Geoff Johnson: Defund police? I’d rather offer a thumbs-up

It was a cool and very dark, very early September morning. My son and I were in the driveway behind our house loading his wherewithal for a return to university into his small pickup truck.

A police cruiser, fully lit up, came around the house and blocked my son’s truck from leaving. A neighbour had become aware of the fact that somebody was loading household goods into a pickup at 4 a.m. and called 911.

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The two policemen carefully and politely asked us to provide ID. They checked the plate on my son’s truck to confirm ownership against the address.

They were firm, but courteous and stood well back until we had identified ourselves and clarified the situation.

Satisfied, they signalled and another constable emerged from the woods behind our parking lot. She had been there, alone in the dark, to block any sudden escape.

There was not a local “defund the police” politician to be seen. Home safe and still tucked in bed I guess.

That was years ago, but last week, as my wife and I were sitting on a bench at a local beach, a stranger, maybe in his mid-sixties, came up and stood inches away to tell us that the Egyptian pyramids had been built by magic.

I asked him politely to step back six feet because of COVID-19 protocols.

“No”, he said, “and now I’m going to cough on you and kill you.”

Again, I asked him to step back, but he stepped closer and began to shout again: “I’m going to cough on you and kill you.”

We brushed past him and walked back to our car while he followed, shouting threats all the way. We watched from our car as he eventually got into a van and drove away.

When we got home, we phoned the detachment and reported the incident, along with the man’s licence-plate number.

Later that evening the local police called back. They had visited the fellow, who was known to them, at his home. It was a cautious visit because records showed that he had, at one time, been involved in similar incidents and they had no idea what to expect except that he had a record of mental instability.

He was cautioned about his behaviour and a further report lodged with mental-health authorities.

Again, no local politicians were available to provide that service.

In my career as a superintendent of schools, I met with a variety of people, some more rational than others, but none of them at 4 a.m. in a dark wooded parking lot or at a house where a mentally unstable person who had been issuing death threats lived.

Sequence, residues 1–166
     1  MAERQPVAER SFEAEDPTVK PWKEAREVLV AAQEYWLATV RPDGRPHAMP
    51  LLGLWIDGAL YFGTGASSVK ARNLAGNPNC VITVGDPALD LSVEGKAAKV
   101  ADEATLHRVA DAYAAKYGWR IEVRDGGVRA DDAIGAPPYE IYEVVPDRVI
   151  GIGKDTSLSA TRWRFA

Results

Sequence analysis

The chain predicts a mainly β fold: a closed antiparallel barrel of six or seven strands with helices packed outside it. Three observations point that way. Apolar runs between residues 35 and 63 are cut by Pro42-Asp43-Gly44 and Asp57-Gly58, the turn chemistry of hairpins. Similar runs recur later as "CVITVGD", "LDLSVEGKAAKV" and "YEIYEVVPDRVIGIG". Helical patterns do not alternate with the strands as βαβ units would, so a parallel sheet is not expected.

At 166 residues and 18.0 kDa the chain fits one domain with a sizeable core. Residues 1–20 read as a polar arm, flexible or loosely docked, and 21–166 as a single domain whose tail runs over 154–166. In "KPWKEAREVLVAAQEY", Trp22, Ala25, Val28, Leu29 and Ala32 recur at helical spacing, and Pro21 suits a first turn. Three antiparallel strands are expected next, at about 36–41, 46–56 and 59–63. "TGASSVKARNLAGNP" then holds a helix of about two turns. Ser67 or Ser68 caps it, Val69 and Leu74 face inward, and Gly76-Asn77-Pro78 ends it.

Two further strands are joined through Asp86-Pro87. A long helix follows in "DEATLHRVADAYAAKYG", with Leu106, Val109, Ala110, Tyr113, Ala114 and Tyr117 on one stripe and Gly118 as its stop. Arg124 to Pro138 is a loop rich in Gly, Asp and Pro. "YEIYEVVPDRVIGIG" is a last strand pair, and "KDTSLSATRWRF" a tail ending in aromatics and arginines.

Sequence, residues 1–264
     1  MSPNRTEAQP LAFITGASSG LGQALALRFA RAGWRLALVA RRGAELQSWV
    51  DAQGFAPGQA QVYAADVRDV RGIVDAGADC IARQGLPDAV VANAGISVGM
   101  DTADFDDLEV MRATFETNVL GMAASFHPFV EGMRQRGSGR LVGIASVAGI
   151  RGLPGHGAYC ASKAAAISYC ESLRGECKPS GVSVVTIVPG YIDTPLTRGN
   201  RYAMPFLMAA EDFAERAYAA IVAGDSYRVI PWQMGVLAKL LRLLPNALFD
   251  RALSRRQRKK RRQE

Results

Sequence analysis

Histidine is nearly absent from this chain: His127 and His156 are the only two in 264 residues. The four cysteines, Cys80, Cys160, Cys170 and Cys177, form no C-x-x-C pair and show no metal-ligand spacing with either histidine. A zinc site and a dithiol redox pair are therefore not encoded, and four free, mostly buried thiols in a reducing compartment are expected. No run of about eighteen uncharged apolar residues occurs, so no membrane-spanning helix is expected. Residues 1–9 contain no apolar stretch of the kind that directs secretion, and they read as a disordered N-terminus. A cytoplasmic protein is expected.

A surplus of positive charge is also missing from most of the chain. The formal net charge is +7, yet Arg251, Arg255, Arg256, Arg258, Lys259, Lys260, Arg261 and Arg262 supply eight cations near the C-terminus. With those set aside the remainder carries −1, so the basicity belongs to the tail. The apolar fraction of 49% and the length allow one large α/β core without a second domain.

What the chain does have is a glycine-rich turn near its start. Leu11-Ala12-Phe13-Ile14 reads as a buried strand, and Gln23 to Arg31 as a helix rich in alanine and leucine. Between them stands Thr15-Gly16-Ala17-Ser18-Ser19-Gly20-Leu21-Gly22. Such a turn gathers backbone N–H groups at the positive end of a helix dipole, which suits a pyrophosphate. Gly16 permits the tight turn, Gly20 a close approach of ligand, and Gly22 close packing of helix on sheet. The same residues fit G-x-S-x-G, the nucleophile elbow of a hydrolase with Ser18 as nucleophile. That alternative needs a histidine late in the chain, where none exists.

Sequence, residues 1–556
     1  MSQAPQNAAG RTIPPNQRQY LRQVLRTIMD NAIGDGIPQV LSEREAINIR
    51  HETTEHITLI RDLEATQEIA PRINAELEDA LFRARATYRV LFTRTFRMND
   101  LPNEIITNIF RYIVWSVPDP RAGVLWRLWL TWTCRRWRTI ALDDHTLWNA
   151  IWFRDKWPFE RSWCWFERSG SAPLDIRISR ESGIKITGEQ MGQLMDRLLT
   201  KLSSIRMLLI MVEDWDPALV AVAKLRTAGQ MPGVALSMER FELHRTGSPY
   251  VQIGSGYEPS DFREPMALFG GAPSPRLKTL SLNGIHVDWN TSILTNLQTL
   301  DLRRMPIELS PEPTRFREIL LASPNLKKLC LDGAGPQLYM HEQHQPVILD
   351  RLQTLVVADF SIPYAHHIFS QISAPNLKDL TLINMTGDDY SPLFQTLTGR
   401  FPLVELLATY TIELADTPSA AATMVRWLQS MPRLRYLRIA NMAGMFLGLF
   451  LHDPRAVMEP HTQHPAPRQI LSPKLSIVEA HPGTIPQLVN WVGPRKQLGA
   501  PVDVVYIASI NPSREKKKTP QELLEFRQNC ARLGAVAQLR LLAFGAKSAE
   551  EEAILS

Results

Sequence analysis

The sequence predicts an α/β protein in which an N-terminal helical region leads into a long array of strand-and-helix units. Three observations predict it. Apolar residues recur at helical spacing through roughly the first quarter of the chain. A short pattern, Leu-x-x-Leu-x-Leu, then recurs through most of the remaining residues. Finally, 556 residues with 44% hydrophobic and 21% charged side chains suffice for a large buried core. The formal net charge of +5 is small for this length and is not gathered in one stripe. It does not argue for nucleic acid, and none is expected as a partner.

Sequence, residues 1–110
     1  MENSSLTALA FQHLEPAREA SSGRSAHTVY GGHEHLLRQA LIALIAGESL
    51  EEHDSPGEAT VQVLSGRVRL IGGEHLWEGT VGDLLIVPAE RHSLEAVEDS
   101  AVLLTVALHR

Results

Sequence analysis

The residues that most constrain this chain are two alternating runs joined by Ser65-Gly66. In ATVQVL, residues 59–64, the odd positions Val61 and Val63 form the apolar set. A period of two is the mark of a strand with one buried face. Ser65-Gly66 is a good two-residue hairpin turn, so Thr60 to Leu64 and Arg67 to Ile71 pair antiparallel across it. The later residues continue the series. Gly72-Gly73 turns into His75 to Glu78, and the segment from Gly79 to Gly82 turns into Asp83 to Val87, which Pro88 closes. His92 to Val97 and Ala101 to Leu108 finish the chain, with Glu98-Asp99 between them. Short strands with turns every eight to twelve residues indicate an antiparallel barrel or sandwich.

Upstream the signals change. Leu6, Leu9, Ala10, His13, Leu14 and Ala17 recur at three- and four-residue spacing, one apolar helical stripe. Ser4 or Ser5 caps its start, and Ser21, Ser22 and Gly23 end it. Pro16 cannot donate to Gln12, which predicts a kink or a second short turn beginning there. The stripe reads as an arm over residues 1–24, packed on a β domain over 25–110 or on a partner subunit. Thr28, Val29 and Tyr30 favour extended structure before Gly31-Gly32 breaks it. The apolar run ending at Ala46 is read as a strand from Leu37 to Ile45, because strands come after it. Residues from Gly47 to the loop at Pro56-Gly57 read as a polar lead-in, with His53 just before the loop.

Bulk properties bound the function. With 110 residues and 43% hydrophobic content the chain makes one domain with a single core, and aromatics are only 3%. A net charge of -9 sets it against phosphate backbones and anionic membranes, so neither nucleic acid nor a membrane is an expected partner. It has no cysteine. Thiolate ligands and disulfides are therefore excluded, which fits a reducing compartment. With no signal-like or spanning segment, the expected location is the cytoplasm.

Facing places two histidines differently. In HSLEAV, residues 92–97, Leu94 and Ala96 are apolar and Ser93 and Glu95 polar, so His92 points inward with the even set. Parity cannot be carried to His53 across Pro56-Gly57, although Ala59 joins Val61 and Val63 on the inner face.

I’ve never had to pull a vehicle over at midnight at the top of the Malahat because that vehicle had been reported as stolen. I doubt that any local politician has found himself or herself in that situation.

I have never had to attend to a report of family violence — apparently a dangerous and unpredictable situation for anybody who attempts to intervene.

I have never had to attend to an address where I found the tiny bodies of a child or children murdered by a parent.

I’ve never had to attend to a stabbing in the street or a park where the attacker was still at large.

But I’ve walked down Government Street at 11 p.m. after a movie, ever watchful of others around us. I was always reassured the police were nearby, sometimes checking unfamiliar faces, or, in some cases, faces they recognized only too well.

For local wannabe politicians to be jumping on the U.S. “defund the police” bandwagon says nothing about the work that local police do here on Vancouver Island. It says a great deal, though, about political individuals advocating “defunding” the police service and shamelessly pandering to what they believe is their “base” in order to draw a headline or sound like “Trumpy” law-and-order advocates.

This is not the U.S. This is Vancouver Island, British Columbia, Canada.

But even here, as with any profession, doctors, dentists, lawyers, teachers, police officers sometimes make mistakes once in a while by just acting like human beings under the kind of pressure few if any of us ever experience.

Back on that dark September morning, was my home being cleared out by thieves?

No, but I’m glad the officers came to check an undefined suspicious situation at risk to their own safety.

When a mentally unstable person threatened, did one of our politicians go to the fellow’s house not knowing what might happen? I didn’t, and neither did the politician braying about “defunding” the police service.

Does any of the above avoid recognizing unacceptable police behaviour when it does occur? No. But when you see a police officer on patrol, give him or her the “thumbs up.”

I don’t want the job and neither do you, but you need it.

Geoff Johnson is a former superintendent of schools who has welcomed many officers into schools.

 

gfjohnson4@shaw.ca

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